Country of registration (flag state) regulations determine which model HF radio(s) you may install in your vessel and use on maritime HF frequencies.
ICOM Japan is the only manufacturer in the world producing marine HF radios targeting the recreational vessel market.
Whilst commercial HF radios from other vendors are available, they have a price tag 4-5 times that of an HF radio approved for recreational use, and are therefore not often considered.
DSC (Digital Selective Calling) models are capable of alerting both commercial shipping and coast stations by pressing the "distress button".
Models without DSC, whilst can be used to make a voice distress call, should not be relied upon for emergency calling.
This is because NO ships listen for voice calls, and only a few remaining coast stations maintain a voice watch on distress and calling frequencies.
Approved ICOM Models
The following models are approved for new installations and upgrades:
|UK / EU / AU / NZ
The IC-M710NZ and IC-M803 are 12 volt radios, whilst the IC-M804 is available in both 12 and 24 volt versions.
Previous approved models (only for existing installations) are the IC-M802 for the US market, and the IC-M801E for UK/EU/AU/NZ markets.
Installation Requires Specialist Skills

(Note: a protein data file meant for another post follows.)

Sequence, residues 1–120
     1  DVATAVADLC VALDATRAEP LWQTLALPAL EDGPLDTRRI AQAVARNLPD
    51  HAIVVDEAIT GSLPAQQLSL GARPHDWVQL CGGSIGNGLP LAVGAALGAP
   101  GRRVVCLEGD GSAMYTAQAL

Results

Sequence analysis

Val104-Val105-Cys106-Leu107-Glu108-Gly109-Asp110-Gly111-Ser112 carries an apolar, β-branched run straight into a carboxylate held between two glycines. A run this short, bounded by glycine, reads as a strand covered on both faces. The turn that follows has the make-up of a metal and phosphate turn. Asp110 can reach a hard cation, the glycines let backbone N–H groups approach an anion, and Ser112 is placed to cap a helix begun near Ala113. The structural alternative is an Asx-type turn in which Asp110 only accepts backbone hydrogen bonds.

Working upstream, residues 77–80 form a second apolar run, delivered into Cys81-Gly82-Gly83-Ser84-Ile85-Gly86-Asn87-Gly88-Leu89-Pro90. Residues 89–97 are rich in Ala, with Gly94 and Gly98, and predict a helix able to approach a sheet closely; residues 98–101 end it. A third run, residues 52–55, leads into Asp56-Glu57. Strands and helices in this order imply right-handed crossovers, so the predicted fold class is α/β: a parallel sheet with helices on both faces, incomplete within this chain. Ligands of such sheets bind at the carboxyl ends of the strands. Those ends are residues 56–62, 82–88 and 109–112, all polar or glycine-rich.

Not all ICOM dealers have the skills to install and setup a marine HF radio. I suggest you contact ICOM directly for a recommendation for a local dealer best suited for your requirements.
If you require technical support for an existing installation, contact the ICOM service agent nearest to your vessel.
Operator Certification Required
Except in an emergency, everybody operating a marine HF radio is required to hold an operators certificate. The name of the certification varies from country to country, but they are essentially the same qualification.
|Long Range Radio Operator Certificate Of Proficiency
|Maritime Restricted Radiotelephone Operator Certificate
Amateur (Ham) Radios Not Permitted
The installation and use of HF radios designed for the amateur radio service is not permitted on frequencies used in the maritime service.
Licensed amateur radio operators can use a marine transceiver (above) programmed to use amateur frequencies, thus avoiding the need to install two different HF radios.